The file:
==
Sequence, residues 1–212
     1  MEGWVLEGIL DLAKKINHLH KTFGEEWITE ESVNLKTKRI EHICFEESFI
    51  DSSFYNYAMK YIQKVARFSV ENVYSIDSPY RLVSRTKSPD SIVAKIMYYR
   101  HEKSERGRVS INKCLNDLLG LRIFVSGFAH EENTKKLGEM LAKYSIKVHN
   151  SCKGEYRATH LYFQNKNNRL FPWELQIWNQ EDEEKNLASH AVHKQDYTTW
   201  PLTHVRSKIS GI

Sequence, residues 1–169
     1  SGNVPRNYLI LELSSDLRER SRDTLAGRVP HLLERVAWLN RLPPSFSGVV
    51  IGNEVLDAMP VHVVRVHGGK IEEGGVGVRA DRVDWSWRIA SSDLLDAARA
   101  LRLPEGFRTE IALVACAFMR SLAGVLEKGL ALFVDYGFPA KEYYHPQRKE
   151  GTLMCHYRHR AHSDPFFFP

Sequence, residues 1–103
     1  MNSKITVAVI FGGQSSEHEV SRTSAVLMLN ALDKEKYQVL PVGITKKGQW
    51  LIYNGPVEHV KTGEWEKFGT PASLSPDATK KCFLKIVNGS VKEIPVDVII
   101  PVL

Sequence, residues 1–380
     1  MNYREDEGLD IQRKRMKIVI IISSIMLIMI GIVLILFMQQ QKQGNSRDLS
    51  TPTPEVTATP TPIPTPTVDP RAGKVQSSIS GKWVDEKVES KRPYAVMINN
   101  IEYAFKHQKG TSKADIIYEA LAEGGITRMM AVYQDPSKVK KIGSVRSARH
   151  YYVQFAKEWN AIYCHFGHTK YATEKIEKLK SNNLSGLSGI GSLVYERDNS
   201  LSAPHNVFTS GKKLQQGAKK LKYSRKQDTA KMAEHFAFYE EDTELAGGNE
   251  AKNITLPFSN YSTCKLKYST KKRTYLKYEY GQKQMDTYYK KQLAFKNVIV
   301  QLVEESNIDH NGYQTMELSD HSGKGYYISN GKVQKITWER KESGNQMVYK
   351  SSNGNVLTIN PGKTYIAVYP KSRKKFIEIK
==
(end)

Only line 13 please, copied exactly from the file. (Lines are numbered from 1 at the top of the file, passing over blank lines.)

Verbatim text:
     1  MNSKITVAVI FGGQSSEHEV SRTSAVLMLN ALDKEKYQVL PVGITKKGQW